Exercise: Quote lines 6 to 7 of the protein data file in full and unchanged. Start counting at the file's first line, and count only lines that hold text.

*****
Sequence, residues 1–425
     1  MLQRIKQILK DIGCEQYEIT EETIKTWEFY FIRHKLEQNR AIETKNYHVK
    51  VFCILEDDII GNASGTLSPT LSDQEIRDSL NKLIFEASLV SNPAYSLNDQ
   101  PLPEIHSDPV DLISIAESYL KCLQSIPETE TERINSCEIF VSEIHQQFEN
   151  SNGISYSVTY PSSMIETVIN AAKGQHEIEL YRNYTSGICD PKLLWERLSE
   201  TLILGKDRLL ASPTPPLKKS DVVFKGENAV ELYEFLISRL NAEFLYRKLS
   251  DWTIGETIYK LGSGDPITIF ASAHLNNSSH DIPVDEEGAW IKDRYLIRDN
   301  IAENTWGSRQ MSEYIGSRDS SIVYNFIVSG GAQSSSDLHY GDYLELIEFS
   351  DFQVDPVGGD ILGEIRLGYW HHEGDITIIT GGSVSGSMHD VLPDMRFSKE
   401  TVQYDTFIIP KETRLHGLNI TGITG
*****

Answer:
   201  TLILGKDRLL ASPTPPLKKS DVVFKGENAV ELYEFLISRL NAEFLYRKLS
   251  DWTIGETIYK LGSGDPITIF ASAHLNNSSH DIPVDEEGAW IKDRYLIRDN